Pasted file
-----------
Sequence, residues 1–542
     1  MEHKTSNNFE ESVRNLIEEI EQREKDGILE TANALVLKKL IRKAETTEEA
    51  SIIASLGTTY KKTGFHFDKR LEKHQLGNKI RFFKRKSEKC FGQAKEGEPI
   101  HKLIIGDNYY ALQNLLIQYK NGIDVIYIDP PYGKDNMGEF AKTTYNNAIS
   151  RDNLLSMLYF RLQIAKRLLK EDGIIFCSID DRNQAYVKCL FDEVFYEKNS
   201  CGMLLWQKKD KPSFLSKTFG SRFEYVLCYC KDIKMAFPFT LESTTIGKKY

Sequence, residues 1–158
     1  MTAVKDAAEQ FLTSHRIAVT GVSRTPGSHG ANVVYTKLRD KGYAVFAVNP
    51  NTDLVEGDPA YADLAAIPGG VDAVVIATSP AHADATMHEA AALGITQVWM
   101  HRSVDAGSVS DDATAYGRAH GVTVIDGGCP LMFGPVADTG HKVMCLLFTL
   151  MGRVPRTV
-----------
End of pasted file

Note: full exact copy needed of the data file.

Sequence, residues 1–542
     1  MEHKTSNNFE ESVRNLIEEI EQREKDGILE TANALVLKKL IRKAETTEEA
    51  SIIASLGTTY KKTGFHFDKR LEKHQLGNKI RFFKRKSEKC FGQAKEGEPI
   101  HKLIIGDNYY ALQNLLIQYK NGIDVIYIDP PYGKDNMGEF AKTTYNNAIS
   151  RDNLLSMLYF RLQIAKRLLK EDGIIFCSID DRNQAYVKCL FDEVFYEKNS
   201  CGMLLWQKKD KPSFLSKTFG SRFEYVLCYC KDIKMAFPFT LESTTIGKKY

Sequence, residues 1–158
     1  MTAVKDAAEQ FLTSHRIAVT GVSRTPGSHG ANVVYTKLRD KGYAVFAVNP
    51  NTDLVEGDPA YADLAAIPGG VDAVVIATSP AHADATMHEA AALGITQVWM
   101  HRSVDAGSVS DDATAYGRAH GVTVIDGGCP LMFGPVADTG HKVMCLLFTL
   151  MGRVPRTV